Book Review: Beginning Spatial with SQL Server 2008

“Beginning Spatial with SQL Server 2008” by Alastair Aitchison is a good introduction to the geospatial features introduced in SQL Server 2008. It is primarily aimed at developers who have SQL Server experience but with limited or no geospatial experience. It is recommended for such developers who wish to build a geospatial database, or to use SQL Server as the backend database for a geospatial web application.


In recent years most, if not all, of the mainstream relational database systems have introduced a range of geospatial extensions. SQL Server is no exception, with Microsoft adding geospatial extensions in SQL Server 2008. This book serves as a good introduction to these extensions and includes both reference sections and applied examples.

The book is divided into five sections covering an introduction, creating data, presentation, analysis, and performance.

Almost half of the introduction consists of a chapter that introduces basic geospatial concepts such as polygons, shapes, projections, coordinate systems and spatial references. Although only an introduction, the spatial reference section is particularly good with comparison examples and practical information such as WKT definitions. This should help to avoid much of the confusion that spatial references attract.

The introduction also introduces the geospatial datatypes supported by SQL Server 2008, describes how to enable the  geospatial extensions, and gives examples of use. It finishes with a chapter explaining the basics of using SQL Server with .NET. Although the book generally assumes some familiarity with SQL Server, this chapter helps to ensure those without this experience are not entirely left in the dark

The section on creating spatial data includes the process of importing WKT, WKB, and GML shapes for situations where shape coordinates are known. It also covers third party data sources, and how to import tabular, KML, and Shapefile and KML data. An entire chapter looks at the creation of WKT shape definitions using a simple point&click web application based around Virtual Earth (now Bing Maps). Finally, this section looks at the process of geocoding. Although the beginning of this chaper will have some value, it relies on the MapPoint Web Service which is being discontinued at the end of 2011.

The presentation section includes a section on using the Spatial Results tab in the SQL Server Management Studio, primarily for diagnostic purposes. However the bulk of the presentation content covers web applications, and starts with a discussion of syndicated data. This might seem an odd choice, but really syndication is a way of supplying data – ie. presenting it to a client application. This chapter covers the creation of GeoRSS feeds, and plotting a GeoRSS feed in both Google Maps and Virtual Earth.  This is followed by a discussion of Web Mapping Services. This is not actually a WMS tile server, but the display of SQL Server spatial data in a Google Maps and Virtual Earth AJAX client. This is probably the most useful section for our readers.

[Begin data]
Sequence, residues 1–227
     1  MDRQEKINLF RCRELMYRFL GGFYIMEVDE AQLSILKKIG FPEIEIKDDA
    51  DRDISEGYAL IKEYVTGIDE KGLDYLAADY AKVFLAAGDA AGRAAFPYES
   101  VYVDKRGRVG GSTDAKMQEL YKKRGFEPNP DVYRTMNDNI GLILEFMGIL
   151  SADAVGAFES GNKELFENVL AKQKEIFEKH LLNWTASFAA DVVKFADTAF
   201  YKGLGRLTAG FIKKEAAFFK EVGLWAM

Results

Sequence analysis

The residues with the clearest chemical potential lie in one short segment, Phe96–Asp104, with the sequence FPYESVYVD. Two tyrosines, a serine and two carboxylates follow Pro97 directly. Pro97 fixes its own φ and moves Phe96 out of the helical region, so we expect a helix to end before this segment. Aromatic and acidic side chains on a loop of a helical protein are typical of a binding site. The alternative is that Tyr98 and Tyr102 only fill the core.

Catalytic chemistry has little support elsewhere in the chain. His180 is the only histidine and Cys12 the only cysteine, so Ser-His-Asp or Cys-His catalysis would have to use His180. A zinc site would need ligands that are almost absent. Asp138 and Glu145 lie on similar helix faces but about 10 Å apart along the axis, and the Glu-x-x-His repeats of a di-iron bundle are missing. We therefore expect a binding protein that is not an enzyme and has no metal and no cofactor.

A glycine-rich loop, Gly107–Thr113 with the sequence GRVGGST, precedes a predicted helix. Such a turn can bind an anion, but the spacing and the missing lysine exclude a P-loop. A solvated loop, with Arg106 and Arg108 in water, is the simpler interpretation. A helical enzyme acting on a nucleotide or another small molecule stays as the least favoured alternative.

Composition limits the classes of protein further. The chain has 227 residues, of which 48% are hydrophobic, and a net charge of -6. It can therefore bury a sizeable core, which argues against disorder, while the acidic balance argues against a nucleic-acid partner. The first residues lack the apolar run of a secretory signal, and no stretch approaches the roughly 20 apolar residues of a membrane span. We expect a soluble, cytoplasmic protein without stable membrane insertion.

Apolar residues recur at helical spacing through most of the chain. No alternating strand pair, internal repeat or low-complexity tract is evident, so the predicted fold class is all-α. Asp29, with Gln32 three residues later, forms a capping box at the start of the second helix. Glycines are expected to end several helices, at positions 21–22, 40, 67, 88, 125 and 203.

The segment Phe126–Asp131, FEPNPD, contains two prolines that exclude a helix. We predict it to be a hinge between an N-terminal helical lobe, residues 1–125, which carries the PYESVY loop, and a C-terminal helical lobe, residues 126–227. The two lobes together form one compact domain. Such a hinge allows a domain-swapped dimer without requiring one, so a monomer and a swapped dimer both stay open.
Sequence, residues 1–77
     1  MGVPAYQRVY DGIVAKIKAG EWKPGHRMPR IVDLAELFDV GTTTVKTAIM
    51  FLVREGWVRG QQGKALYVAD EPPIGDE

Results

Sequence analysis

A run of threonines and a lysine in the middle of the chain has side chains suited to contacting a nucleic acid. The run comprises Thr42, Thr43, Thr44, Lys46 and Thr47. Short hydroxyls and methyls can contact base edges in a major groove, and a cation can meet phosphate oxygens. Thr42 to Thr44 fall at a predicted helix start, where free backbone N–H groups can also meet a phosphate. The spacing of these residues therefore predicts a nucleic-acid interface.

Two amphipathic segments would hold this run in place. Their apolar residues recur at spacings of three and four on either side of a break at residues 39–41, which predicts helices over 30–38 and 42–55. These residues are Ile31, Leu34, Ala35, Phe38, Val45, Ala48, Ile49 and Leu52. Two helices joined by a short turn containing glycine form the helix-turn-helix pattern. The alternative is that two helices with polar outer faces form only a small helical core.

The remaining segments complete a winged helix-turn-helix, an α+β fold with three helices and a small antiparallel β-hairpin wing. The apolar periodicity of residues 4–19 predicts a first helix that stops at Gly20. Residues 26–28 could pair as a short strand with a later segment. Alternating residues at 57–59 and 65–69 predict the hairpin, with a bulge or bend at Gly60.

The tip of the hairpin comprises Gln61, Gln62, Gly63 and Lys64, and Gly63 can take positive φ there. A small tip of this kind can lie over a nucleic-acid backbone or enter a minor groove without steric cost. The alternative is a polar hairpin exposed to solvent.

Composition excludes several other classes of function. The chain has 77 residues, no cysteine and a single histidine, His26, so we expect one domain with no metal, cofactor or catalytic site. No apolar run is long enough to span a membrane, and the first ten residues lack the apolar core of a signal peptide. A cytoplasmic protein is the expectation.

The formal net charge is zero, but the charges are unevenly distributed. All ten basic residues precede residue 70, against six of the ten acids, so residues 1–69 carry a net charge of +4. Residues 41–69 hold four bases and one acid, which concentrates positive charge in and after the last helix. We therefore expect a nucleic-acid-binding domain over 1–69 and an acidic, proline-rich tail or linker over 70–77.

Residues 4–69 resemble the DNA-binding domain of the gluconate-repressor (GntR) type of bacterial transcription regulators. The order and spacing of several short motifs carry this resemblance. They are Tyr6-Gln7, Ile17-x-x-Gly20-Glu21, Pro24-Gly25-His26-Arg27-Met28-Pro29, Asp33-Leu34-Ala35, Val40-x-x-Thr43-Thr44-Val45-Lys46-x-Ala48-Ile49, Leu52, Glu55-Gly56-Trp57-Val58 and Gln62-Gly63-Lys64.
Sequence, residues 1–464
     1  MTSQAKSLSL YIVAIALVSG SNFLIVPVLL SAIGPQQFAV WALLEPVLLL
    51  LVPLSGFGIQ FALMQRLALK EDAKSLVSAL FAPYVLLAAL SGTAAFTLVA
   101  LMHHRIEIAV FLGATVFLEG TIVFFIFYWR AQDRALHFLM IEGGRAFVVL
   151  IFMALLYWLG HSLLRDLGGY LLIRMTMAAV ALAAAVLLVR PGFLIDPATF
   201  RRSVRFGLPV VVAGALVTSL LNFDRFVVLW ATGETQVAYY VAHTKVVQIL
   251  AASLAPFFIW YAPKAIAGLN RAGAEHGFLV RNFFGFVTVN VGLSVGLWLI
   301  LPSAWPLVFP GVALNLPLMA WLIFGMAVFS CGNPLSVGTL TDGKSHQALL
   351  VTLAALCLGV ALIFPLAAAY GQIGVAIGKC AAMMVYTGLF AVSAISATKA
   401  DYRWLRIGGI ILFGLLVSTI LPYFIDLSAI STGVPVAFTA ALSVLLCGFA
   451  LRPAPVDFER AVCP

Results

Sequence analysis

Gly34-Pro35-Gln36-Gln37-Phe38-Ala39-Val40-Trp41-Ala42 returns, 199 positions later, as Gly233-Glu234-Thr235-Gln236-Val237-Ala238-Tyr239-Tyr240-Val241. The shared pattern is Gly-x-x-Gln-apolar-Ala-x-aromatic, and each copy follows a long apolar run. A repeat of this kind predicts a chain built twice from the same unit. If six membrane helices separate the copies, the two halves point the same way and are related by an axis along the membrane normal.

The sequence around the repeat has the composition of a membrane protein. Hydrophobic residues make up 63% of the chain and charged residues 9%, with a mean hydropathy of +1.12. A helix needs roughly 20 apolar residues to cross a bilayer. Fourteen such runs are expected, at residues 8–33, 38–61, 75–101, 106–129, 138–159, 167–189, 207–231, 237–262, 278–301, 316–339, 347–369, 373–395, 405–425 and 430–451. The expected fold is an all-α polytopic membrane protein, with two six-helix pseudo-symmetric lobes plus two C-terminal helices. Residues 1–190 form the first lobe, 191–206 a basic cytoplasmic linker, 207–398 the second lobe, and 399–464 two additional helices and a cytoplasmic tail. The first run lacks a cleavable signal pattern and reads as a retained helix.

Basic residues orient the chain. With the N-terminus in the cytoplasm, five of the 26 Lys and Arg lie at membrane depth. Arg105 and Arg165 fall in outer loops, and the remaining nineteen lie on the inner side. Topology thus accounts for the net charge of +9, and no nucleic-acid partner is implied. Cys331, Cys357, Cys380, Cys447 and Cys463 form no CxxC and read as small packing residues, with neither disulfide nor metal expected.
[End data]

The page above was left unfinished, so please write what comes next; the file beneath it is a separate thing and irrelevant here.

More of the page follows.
The analysis section covers spatial object properties, modifying spatial objects, and testing their relationships. This is the most reference-like section of the book, and lists the various properties and tests that can be applied. It is generally an abstract section, and it is an exercise for the reader to apply the tests to their application. Some of the operations have code examples.

The final section covers performance issues and indexing. This is very important for most database applications, but is especially important in geospatial databases where relationship calculations are computationally intensive and not necessarily intuitive. In conclusion, this is recommended for those who are already familiar with SQL Server but who are looking to us it for geospatial applications or to use it as a backend database for a geospatial web application. It should also prove useful for those with geospatial knowledge who need to use SQL Server’s geospatial extensions for the first time. Such readers may find that a general SQL Server book will prove to be a good complement to this text.

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